Basic Science

Basic Science research and education is conducted by the academic faculty, residents and research staff. Research and education are beneficial to patients with musculoskeletal disorders, to the physicians and surgeons diagnosing and treating the patients, to the West Virginia University Hospitals/WVU Health Sciences Center system. This all contributes to knowledge and advancement of medical science and to the future health of everyone, including those musculoskeletal conditions that particularly affect West Virginians. The current primary focus areas are:

  • Immunology
    Immunology is the study of the immune system and its role in protecting an organism from infection and disease. Recently, it has become abundantly clear that the immune system influences numerous biological processes and disease states not traditionally thought to be immunological. In Orthopaedics, knowledge of the immune system is vital for developing our understanding of prosthetic joint infection, traumatic injury, musculoskeletal oncology, and autoimmune conditions, such as rheumatoid arthritis.

  • Tissue Engineering

    Tissue engineering assembles biologically active molecules, cells, and cellular scaffolds into functional constructs to repair and maintain damaged tissues. In Orthopaedics, tissue engineering is being explored to restore diseased cartilage, ligaments, and bones. In the future, tissue engineering and regenerative medicine may even provide an alternative to prosthetics for amputation patients via engineered limb regeneration.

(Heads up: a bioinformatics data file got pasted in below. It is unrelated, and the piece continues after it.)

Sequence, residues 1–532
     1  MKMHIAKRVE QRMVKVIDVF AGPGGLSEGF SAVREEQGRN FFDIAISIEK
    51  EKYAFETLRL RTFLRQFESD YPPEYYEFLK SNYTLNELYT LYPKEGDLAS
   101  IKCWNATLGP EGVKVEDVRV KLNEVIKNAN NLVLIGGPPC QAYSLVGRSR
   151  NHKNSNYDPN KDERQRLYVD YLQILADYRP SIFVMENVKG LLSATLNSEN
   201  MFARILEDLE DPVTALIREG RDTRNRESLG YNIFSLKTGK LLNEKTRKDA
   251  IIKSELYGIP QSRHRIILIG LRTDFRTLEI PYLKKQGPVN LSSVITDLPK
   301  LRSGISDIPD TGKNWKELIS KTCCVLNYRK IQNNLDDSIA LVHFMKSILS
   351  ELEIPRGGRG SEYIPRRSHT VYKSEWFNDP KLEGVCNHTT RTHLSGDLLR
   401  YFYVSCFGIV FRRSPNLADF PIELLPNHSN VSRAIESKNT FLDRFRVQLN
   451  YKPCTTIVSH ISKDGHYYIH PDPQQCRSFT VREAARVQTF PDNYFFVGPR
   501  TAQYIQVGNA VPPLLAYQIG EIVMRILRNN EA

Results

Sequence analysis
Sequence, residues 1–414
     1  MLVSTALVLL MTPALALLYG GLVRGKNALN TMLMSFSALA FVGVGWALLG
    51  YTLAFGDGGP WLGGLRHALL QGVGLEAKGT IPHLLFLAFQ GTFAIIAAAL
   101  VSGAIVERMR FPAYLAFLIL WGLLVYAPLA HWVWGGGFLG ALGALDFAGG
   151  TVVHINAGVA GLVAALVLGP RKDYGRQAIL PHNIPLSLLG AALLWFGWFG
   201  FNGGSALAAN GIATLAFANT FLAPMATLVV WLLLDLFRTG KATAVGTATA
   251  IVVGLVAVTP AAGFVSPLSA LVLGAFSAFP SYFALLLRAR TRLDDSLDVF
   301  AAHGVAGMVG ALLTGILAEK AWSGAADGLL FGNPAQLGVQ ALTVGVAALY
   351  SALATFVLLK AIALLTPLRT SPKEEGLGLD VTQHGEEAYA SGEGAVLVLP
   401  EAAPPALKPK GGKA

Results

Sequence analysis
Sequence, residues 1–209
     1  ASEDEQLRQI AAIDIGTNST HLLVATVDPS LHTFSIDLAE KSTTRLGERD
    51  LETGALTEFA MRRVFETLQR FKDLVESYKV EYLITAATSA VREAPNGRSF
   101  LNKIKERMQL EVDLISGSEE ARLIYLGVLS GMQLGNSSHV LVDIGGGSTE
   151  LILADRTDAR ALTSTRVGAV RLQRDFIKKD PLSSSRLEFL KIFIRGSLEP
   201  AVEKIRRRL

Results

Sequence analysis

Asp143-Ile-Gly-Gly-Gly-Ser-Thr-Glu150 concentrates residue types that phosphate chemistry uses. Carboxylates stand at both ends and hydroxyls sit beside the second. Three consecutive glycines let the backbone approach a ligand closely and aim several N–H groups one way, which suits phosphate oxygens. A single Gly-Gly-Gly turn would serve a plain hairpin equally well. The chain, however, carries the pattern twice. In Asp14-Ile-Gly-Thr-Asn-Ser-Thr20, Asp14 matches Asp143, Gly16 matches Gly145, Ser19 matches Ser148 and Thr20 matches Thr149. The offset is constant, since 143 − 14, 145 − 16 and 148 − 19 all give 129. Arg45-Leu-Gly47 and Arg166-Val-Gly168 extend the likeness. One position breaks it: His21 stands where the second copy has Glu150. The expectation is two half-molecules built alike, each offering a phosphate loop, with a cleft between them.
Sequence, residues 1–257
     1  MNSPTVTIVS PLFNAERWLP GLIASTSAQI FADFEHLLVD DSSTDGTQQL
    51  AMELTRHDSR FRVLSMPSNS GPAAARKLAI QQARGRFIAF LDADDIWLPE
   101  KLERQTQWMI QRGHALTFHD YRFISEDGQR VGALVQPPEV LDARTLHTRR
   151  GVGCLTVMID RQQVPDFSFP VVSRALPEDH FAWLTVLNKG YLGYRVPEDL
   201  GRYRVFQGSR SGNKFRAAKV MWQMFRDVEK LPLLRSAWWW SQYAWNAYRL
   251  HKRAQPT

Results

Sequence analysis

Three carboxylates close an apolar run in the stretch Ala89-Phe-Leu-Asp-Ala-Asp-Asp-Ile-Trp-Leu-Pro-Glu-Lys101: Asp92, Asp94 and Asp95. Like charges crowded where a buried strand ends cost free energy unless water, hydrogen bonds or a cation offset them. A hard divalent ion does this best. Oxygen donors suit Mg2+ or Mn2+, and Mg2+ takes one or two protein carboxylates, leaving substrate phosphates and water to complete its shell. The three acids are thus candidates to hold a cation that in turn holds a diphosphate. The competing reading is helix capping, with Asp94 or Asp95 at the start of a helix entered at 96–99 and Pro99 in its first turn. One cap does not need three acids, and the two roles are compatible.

• Nanotechnology

    Nanotechnology refers to the development of technology on a nanometer scale. The field of nanomedicine leverages nanotechnology to improve our ability to prevent, diagnose, and treat diseases in living organisms. Currently, Orthopaedics employs nanotechnology to improve implanted device coatings, prevent and treat prosthetic joint infections, and deliver therapeutics to musculoskeletal oncology patients.

  • Infection prevention and treatment

    Prosthetic joint infection is a severe complication of joint replacement surgery, affecting 1% to 2% of primary arthroplasties. With primary joint replacement surgeries continuing to rise, prosthetic joint infection will remain a prominent concern in Orthopaedics for the foreseeable future. Orthopaedics research is presently focusing on infection prevention and treatment via the development of improved revision surgical procedures, antimicrobial implant coatings, and enhanced antibiotic delivery methods.

  • Musculoskeletal Oncology

    Musculoskeletal oncology is an orthopaedic sub-specialty that focuses on the surgical treatment of benign and malignant musculoskeletal tumors. Musculoskeletal oncologists work in concert with numerous medical specialists to provide care to patients with sarcomas afflicting the bone and surrounding soft tissues. Orthopaedic research seeks to improve the prognosis of musculoskeletal oncology patients by developing novel therapeutics, enhanced screening and monitoring tools, and refined surgical procedures.

  • Inflammation

    Inflammation is a natural response to tissue damage and an essential part of the healing process. During inflammation, immune cells migrate to the injury site to protect the organism from infection and initiate tissue repair. However, under certain conditions the immune system can become dysfunctional, leading to chronic inflammation and disease onset. By developing an understanding of inflammation and the processes that regulate it, orthopaedists can improve treatment approaches to prosthetic joint infection, traumatic injury, oncologic disease, and autoimmune conditions, such as rheumatoid arthritis.

More Information

For more information regarding Orthopaedics Research at WVU click here